Friday, August 14, 2015

A Makerspace Fosters Character Building Traits

We created a makerspace in the library of our STEM elementary campus to give the students a chance to explore Science, Engineering and Math topics. I didn't realize the makerspace we created was going to be so much more. When one first looks at the concept of a makerspace one may think... oh it's just centers or a place for indoor recess. I was even told make sure this doesn't become just a tinker room. After having a year to experience a makerspace in the library and researching the concepts and philosophies associated with a makerspace, I realize this makerspace offers character building traits students will needs beyond their school years.
Teamwork and Collaboration
When a student comes into the makerspace, they are expected to work collaboratively with a group or partner. One may have more experience on a topic, so students are given a chance to learn from each other. This also gives them a chance to work as a team and engage in constructive criticism and respect for one another.
Creativity and Curiosity 
Makerspace time in the library gives students a chance to pursue their interest. The library has always been the place to get resources and its always been a community gathering place. Students continue to check out books and research topics based on personal interest, but now they have a space to take it a step farther, and they now have an area to tinker, create, and invent.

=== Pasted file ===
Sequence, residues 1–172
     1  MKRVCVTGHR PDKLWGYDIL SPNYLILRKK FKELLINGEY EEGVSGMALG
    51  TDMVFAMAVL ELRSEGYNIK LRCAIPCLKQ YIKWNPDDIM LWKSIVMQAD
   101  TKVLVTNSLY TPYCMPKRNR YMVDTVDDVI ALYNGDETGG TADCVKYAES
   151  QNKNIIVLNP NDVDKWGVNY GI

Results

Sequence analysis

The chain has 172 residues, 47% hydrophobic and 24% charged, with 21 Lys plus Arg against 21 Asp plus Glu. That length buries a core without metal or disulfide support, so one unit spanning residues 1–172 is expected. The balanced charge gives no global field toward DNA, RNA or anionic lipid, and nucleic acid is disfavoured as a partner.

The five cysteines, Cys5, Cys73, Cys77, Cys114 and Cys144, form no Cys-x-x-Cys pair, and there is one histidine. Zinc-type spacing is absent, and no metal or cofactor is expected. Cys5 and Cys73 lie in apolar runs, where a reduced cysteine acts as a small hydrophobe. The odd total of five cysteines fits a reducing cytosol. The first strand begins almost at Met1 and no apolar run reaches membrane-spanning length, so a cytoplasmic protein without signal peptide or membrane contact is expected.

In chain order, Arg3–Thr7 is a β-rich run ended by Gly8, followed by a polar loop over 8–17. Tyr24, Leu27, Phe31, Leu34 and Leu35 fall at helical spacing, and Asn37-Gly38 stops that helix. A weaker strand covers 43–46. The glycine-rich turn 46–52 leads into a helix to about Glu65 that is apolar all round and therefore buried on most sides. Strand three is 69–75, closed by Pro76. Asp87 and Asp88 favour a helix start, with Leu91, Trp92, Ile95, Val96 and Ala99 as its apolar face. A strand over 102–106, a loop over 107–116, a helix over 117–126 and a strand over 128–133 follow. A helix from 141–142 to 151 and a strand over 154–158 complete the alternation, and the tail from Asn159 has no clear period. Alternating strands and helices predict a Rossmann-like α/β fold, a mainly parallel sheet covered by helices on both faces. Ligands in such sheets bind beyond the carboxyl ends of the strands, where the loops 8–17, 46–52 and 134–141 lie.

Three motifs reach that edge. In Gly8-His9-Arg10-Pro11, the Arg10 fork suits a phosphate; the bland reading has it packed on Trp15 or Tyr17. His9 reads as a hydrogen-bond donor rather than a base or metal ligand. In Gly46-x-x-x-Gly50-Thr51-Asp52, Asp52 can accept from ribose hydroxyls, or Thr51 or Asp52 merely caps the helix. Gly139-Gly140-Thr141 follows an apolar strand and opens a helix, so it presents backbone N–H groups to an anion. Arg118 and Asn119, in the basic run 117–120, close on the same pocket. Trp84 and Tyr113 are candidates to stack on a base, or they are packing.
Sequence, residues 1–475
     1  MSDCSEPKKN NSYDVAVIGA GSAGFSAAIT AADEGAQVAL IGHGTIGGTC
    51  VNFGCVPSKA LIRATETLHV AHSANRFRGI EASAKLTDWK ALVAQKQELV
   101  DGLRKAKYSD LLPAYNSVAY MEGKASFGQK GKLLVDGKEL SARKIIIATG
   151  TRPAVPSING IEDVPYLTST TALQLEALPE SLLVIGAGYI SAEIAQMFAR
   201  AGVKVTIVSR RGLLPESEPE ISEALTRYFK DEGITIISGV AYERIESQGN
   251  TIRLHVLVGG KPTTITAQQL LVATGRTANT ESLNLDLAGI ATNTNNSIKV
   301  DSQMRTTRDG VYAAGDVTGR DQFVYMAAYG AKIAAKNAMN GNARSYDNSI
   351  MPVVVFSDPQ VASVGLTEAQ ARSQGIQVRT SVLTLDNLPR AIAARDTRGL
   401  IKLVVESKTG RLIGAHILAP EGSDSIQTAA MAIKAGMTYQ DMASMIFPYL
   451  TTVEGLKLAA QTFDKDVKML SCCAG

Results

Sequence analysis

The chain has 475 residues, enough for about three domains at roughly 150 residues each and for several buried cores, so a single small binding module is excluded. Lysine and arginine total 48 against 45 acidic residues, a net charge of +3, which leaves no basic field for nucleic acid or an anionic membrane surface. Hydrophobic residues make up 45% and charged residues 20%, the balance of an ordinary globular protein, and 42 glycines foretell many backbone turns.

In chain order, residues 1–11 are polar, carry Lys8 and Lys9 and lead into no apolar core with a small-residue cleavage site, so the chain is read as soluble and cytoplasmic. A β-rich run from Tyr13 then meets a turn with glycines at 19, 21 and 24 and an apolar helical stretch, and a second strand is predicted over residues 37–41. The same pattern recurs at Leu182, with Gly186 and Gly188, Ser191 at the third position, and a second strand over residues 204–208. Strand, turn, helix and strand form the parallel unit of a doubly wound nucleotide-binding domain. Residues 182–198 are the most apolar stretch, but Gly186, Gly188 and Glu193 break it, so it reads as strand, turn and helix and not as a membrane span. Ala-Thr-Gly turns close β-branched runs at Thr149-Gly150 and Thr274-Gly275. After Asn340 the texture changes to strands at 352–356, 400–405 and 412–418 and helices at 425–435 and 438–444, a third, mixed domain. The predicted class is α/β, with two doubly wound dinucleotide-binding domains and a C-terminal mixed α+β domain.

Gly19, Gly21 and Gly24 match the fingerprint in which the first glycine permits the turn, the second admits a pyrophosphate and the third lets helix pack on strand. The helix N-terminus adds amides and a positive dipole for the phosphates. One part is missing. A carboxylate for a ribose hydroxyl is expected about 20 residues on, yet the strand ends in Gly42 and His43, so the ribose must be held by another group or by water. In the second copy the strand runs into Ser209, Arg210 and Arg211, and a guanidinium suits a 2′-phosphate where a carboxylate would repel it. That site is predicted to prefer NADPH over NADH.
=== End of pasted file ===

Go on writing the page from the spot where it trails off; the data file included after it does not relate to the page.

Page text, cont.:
Tinkering is not a bad thing, it is a real world way of learning. It's how Engineers and Scientist come up with their innovative designs and discoveries. If there is not time for tinkering, then where are innovation and creativity found? Students having time to tinker and create, leads them to being intrinsically motivated. If you're looking for tinkering opportunities, this web-site is a great place to start. If you want it ready to go, in a box.

Grit and Perseverance 
One of the best things I love about the makerspace is that it's a safe place where it's okay fail. The space is not about the librarian or teacher being the expert. We are there just to scaffold them as they "understand to invent" (Piaget). As students try and fail they learn and improve. This is an ongoing circular design model. One of my favorite new rules, I'm going to implement in the makerspace this year is three before me. I want them to try three times and ask three people before they seek my help. My hope is that this will help to instill grit in my students. The same grit students need to become a video game expert or a Pokemon expert is found in their makerspace projects. Grit and Perseverance are character traits one needs to get through the marathon of life. Angela Duckworth offers a great TED Talk on grit. 

No comments:

Post a Comment